School chemistry revision 14-16 GCSE level chemistry notes: Fermentation, structure & chemistry of alcohols - ethanol

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9A. ALCOHOLS - including the production, physical and chemical properties and uses of ethanol

Primarily for IGCSE/GCSE chemistry revision notes, but quit suitable as an introduction for A Level/IB/US grades 10-12 chemistry students too

This page covers basic physical and chemical properties of alcohols like ethanol, including equations, experiments, displayed formula of ethanol and methanol, ball and stick model of ethanol, comparison of methods of ethanol manufacture

See also 9b. Biofuels, alternative fuels

All my 14-16 GCSE level chemistry revision notes

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All my advanced A level organic chemistry notes

INDEX of Advanced A Level revision notes on the chemistry of ALCOHOLS

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Sub-index for this page

(1) Ethanol and the homologous series of alcohols

(2) The structure, physical properties and brief mention of uses of ethanol

(3) The production of ethanol by fermentation and class experiments and demonstrations

(4) The social and medical issues associated with drinking alcoholic beverages

(5) Industrial manufacture of ethanol from ethene and compared to fermentation

(6) More notes on the homologous alcohols and reactions of alcohols including ethanol

(7) Some physical properties of alcohols related to their use as solvents

(8) Chemical properties of alcohols – important reactions and more on uses

See also

More on the use of ethanol as a biofuels

Making ethyl esters (separate page)

 Doc Brown's chemistry revision notes: GCSE chemistry, IGCSE  chemistry, O level & ~US grades 8, 9 and 10 school science courses or equivalent for ~14-16 year old students of chemistry

(1) The 'alcohol' of the homologous series of alcohols!

What we call alcohol in everyday life is a substance whose chemical name is ethanol

Ethanol is just one member of a family of substances, the homologous series we call alcohols, which all have the C–OH 'hydroxy' functional group in their structure.

The full displayed formula for the first five members of the homologous series of ALCOHOLS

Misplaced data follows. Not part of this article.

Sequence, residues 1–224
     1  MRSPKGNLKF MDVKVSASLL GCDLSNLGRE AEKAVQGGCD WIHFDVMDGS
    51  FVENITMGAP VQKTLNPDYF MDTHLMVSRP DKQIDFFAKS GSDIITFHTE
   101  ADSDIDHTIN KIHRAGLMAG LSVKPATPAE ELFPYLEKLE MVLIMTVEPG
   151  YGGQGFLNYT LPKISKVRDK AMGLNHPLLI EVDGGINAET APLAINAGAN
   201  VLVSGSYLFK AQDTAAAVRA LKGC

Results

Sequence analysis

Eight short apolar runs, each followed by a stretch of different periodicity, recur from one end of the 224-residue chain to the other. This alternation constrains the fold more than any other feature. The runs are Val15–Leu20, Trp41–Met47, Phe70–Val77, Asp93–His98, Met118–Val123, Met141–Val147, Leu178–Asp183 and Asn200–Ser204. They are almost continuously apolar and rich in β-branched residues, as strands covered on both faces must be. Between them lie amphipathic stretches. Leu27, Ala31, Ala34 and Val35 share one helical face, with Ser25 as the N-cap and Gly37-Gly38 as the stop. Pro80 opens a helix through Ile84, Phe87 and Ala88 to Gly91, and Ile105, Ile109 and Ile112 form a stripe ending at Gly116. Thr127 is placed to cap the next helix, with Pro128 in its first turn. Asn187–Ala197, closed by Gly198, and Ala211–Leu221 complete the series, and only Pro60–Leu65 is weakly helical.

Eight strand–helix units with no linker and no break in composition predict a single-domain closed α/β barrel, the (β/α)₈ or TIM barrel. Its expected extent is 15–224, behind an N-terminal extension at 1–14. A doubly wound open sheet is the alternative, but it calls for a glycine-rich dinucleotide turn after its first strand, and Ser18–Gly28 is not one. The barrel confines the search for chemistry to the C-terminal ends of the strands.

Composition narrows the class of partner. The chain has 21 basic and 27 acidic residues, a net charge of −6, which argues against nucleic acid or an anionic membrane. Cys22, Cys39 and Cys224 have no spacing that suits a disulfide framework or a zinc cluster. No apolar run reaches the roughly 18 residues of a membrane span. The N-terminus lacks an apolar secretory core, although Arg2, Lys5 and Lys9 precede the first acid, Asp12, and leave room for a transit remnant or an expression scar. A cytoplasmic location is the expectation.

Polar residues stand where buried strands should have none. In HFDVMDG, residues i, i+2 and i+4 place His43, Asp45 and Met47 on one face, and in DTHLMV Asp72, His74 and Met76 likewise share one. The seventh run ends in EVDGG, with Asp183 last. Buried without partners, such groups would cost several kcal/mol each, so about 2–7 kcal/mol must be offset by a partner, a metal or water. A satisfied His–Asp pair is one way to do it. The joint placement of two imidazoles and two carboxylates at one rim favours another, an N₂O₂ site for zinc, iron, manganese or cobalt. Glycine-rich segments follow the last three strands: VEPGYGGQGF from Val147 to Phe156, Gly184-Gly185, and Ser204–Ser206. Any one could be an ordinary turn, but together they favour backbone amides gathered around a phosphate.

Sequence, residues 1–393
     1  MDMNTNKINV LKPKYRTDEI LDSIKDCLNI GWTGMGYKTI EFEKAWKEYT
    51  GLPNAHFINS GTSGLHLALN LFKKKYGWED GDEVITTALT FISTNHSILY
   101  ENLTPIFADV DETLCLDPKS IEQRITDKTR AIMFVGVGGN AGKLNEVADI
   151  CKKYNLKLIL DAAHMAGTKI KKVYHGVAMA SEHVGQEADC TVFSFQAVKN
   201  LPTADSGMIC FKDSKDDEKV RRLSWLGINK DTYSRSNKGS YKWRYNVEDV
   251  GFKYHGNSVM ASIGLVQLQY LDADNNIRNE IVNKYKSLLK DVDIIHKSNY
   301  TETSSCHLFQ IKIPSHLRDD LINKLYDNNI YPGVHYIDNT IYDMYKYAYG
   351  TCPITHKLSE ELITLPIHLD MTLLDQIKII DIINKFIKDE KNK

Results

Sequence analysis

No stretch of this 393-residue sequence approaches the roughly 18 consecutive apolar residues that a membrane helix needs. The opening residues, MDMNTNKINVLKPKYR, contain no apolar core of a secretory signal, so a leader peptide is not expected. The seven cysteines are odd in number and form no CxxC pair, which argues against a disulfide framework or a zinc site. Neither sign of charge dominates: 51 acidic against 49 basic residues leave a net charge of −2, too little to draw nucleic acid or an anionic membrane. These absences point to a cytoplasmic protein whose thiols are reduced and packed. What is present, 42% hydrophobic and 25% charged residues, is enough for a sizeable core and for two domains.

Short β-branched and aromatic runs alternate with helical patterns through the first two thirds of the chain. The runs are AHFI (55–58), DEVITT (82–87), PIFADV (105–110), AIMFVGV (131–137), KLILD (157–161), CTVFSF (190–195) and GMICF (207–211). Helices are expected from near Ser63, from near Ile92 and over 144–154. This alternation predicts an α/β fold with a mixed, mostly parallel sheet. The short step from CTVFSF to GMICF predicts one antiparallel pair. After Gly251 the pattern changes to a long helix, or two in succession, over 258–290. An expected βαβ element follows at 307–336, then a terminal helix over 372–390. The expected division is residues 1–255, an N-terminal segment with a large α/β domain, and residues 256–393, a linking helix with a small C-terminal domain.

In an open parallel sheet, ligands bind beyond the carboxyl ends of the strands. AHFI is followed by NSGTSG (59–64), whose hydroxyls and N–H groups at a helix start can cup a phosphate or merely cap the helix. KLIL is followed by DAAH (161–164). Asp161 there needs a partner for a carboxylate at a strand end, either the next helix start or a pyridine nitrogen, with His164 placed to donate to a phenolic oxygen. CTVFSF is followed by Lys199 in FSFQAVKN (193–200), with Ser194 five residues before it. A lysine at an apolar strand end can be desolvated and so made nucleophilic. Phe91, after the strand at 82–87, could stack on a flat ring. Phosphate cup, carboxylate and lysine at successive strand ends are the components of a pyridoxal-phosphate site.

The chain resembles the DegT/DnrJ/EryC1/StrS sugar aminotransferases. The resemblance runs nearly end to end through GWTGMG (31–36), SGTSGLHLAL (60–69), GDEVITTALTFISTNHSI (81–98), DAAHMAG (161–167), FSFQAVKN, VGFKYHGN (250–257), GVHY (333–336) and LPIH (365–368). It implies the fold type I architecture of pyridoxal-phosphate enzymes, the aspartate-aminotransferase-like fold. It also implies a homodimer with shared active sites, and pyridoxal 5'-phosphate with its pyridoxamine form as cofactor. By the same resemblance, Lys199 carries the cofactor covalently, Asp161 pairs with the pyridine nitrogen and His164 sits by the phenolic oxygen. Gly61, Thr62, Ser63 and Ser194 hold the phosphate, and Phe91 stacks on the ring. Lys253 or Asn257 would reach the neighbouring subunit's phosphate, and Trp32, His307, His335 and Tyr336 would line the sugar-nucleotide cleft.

The diagrams show ALL the covalent bonds (C-H, C-C, C-O and O-H) in alcohol molecules, C-OH being the alcohol functional group

The structural formulae can also be written as:


The general formula for this particular alcohol series is CnH2n+1OH   (n = number of carbon atoms in molecule)

(Note: the technical names for the 3rd, 4th and 5th displayed above are propan-1-ol, butan-1-ol and pentan-1-ol)

Methanol, ethanol, propanol and butanol are all colourless flammable liquids that dissolve in water to give neutral solutions (pH 7)

Don't write alcohol formula as molecular formula, always give the displayed or structural formula clearly showing the alcohol functional group, which is -OH

e.g. or CH3OH, NOT CH4O  and   or CH3CH2OH or C2H5OH, NOT C2H6O

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(2) The structure, physical properties and uses of ethanol

  • Ethanol and other alcohols - molecular structure, the physical and chemical properties of ethanol
  • or or or
  • The first formula is the simplest formula to show the structure of ethanol and the last image is the full graphic structural displayed formula of ethanol (full structural formula), i.e. it shows all the atoms and the bonds linking them together in the molecule.

2D displayed formulae alcohols and ether structure and naming (c) doc b and 3D impression of the displayed formula alcohols and ether structure and naming (c) doc b of methanol

3D ball and stick model of methanol CH3OH AND 3D space-filling model of methanol CH3OH

3D ball and stick model of methanol CH3OH AND 3D space-filling model of methanol CH3OH

full Lewis dot and cross diagram for methanol molecule showing inner shell electrons of carbon and oxygen Dot and cross diagram for the methanol molecule showing the inner shell electrons of carbon and oxygen. Carbon's electrons are 2.4 (4 outer valency electrons, 4 short of noble gas), oxygen 2.6 (6 outer valency electrons, 2 short of noble gas) and hydrogen just 1.